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Chino Valley gang shootout case dismissed; state intends to re-file

Matt Hinshaw/The Daily Courier<br>A medical helicopter takes off with an injured person near the scene of a motorcycle gang shootout in Chino Valley Aug. 21, 2010.

Matt Hinshaw/The Daily Courier<br>A medical helicopter takes off with an injured person near the scene of a motorcycle gang shootout in Chino Valley Aug. 21, 2010.

PRESCOTT - Saying the prosecution violated their constitutional rights, a judge on Tuesday dismissed the charges against seven men accused of assault charges in connection with a 2010 shootout between rival motorcycle gangs.

The men - Michael Koepke, John Bernard, Kevin Christiansen, Kiley Hill, Larry Scott Jr., Robert Kittredge and Bruce Schweigert - all allegedly associated with the Hell's Angels Motorcycle Club, faced multiple charges in connection with a shootout with the Vagos Motorcycle Club in Chino Valley on Aug. 21, 2010.

Kopeke's lawyer, Richard Gaxiola, filed the motion to dismiss the case, and the others' attorneys joined in, claiming a violation of due process and prosecutorial misconduct.

The motion stems from disclosure by the state that a witness who claimed he saw a confrontation occur between members of the two clubs at a convenience store was actually a paid confidential informant to law enforcement who had once tried the join the Hell's Angels and was turned away, only to become associated with the Vagos.

Gaxiola argued before Yavapai County Superior Court Judge Celé Hancock that the two grand juries who indicted the seven men were never told that Alfred Azevedo was working for GIITEM, the statewide Gang Intelligence Information Team Enforcement Mission task force, that he was paid to inform, and that he had been "rebuffed" in an attempt to join the Hell's Angels.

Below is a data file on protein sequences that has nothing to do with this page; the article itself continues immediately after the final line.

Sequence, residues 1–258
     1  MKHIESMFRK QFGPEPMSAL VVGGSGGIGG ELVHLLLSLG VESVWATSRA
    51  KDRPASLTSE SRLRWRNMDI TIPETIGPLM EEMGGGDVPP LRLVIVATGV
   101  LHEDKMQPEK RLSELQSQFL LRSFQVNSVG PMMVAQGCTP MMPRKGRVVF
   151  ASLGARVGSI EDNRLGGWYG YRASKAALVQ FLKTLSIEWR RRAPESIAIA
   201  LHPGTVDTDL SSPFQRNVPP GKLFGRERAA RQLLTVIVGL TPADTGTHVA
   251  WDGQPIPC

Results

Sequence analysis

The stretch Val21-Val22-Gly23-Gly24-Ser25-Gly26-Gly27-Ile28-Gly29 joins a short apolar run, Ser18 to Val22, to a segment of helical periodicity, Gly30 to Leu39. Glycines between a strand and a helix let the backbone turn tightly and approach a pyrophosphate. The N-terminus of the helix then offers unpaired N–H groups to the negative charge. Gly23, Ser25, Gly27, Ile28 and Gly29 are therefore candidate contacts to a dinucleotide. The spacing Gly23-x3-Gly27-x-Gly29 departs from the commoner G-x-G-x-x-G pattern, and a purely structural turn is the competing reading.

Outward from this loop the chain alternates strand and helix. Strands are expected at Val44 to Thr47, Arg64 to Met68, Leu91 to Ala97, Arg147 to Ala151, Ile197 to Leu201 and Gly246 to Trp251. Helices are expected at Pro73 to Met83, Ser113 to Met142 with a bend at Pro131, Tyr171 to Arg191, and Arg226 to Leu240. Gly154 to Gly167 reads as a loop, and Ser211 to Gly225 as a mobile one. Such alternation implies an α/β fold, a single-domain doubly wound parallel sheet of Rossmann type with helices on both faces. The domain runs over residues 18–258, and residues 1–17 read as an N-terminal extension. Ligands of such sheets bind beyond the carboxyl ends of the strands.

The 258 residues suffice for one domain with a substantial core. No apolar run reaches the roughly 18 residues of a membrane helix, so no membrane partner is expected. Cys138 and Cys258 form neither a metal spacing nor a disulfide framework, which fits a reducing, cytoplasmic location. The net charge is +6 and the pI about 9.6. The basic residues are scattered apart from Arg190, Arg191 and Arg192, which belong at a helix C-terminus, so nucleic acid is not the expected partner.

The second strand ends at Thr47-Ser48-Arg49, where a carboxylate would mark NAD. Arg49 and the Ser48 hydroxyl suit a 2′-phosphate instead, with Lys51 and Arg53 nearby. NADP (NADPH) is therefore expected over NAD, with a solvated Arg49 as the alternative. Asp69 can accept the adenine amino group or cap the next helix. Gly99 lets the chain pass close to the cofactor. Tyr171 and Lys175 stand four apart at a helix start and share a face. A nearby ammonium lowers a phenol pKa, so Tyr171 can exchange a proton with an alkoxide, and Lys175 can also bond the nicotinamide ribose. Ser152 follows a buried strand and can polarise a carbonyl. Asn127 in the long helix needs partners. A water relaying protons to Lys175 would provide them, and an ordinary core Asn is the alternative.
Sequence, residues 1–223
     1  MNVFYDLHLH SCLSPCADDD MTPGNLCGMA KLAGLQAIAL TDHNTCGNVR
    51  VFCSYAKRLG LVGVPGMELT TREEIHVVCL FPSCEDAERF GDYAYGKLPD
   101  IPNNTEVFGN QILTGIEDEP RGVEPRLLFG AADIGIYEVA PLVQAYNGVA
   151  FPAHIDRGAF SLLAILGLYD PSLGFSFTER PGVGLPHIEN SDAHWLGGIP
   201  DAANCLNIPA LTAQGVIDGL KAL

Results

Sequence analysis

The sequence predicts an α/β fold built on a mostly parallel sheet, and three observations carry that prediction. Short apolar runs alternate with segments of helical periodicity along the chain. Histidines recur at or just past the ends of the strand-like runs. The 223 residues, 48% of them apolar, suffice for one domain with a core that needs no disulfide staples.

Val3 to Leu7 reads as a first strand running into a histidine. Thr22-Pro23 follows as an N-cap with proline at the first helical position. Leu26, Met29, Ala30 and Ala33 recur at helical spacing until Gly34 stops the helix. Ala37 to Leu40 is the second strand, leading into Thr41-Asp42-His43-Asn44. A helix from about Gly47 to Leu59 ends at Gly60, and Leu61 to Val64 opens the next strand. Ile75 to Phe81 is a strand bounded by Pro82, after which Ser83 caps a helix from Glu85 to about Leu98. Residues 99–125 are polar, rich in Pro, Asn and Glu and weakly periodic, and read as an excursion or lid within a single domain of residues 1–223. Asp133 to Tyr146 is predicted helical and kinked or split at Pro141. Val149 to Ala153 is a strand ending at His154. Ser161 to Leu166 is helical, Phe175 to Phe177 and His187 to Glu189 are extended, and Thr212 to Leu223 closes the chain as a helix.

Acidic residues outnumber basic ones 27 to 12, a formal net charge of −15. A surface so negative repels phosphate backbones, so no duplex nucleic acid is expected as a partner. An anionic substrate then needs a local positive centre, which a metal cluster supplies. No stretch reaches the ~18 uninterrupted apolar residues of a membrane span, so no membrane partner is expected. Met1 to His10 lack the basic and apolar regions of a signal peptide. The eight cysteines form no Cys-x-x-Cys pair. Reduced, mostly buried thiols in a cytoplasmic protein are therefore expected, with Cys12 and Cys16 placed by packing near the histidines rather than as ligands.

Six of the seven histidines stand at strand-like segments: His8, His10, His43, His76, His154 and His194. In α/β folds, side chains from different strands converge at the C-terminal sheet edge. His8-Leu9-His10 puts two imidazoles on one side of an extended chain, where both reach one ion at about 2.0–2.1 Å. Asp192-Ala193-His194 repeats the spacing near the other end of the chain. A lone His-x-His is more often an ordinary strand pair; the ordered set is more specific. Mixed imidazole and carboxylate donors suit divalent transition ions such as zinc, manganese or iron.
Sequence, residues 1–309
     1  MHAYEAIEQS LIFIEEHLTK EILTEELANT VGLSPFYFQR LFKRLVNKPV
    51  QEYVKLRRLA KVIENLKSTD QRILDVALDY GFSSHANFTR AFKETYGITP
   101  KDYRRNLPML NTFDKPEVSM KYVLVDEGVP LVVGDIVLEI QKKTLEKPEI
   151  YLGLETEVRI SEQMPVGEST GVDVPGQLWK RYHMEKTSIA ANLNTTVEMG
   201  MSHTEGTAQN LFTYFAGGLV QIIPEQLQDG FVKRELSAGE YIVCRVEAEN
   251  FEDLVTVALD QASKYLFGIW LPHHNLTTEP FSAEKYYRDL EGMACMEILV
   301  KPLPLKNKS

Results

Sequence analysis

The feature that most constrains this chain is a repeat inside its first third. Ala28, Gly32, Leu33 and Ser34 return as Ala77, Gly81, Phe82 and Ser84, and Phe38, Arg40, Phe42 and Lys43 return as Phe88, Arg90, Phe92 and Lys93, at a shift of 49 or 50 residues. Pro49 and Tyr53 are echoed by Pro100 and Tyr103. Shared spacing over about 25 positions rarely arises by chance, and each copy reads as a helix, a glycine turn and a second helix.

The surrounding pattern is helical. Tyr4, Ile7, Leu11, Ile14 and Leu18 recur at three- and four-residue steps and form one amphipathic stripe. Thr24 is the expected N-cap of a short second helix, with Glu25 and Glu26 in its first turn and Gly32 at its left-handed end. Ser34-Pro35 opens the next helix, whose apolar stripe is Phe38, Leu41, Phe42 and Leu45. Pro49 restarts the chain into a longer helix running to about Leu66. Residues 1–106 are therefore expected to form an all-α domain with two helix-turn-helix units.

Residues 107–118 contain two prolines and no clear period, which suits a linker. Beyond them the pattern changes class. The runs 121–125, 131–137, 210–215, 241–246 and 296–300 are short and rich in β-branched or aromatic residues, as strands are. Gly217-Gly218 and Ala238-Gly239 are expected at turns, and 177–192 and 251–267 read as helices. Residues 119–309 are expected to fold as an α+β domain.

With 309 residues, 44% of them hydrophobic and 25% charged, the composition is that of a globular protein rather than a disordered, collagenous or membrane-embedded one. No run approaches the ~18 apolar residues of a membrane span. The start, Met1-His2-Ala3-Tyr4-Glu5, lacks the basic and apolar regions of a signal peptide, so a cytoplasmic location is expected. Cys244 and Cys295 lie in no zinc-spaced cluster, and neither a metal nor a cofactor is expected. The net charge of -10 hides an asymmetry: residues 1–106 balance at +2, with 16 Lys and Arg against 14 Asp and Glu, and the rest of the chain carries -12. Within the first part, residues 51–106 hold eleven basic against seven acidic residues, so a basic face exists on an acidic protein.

Azevedo was the only person who ever described a confrontation between the Hell's Angels members and the Vagos, Gaxiola said, quoting interviews with detectives, and if Azevedo's credibility was questioned, then the entire case could be weakened.

James O'Haver, Scott's attorney, said the problem was compounded by the fact that Deputy County Attorney Dana Owens knew about Azevedo's situation in February 2011 but "sat on" the evidence, only telling the defense afterward, when it was too late to be used in court proceedings later that month.

In her decision, Hancock wrote, "To say that the defense was surprised by the status of Azevedo as a paid informant is an understatement," and that there was "obvious prejudice" to the defendants because the grand juries didn't hear that Azevedo was a confidential informant.

The nature of Azevedo's involvement "should have been disclosed at both grand jury proceedings," she said.

Hancock stopped short of accusing Owens of prosecutorial misconduct, instead saying she was "negligent" and that "it is simply unacceptable for the state to fail to disclose material and clearly exculpatory evidence that was in its possession in a timely manner."

She added that, because Owens did not act with "ill will," the charges would be dismissed without prejudice, meaning they could be re-filed.

O'Haver said Tuesday that although "I am gratified that we were able to prevail on the underlying motion, I am disappointed" that Hancock chose to dismiss the case without prejudice, saying that he wished he had been "more thorough" in making the case against Owens.

Gaxiola called the decision "fantastic news" and said, "This judge is very astute and looked at the case in the aggregate" before ruling on the motion.

"She made the right decision," he said.

Chief Deputy County Attorney Dennis McGrane said they would not appeal the ruling, but that they would refile the charges, and that Owens would continue to prosecute the case.

"We'll start back at the beginning," he said.

Gaxiola said he didn't believe that would be successful. "Given the case, at this juncture, I think it's highly unlikely (a grand jury) would return a new indictment."

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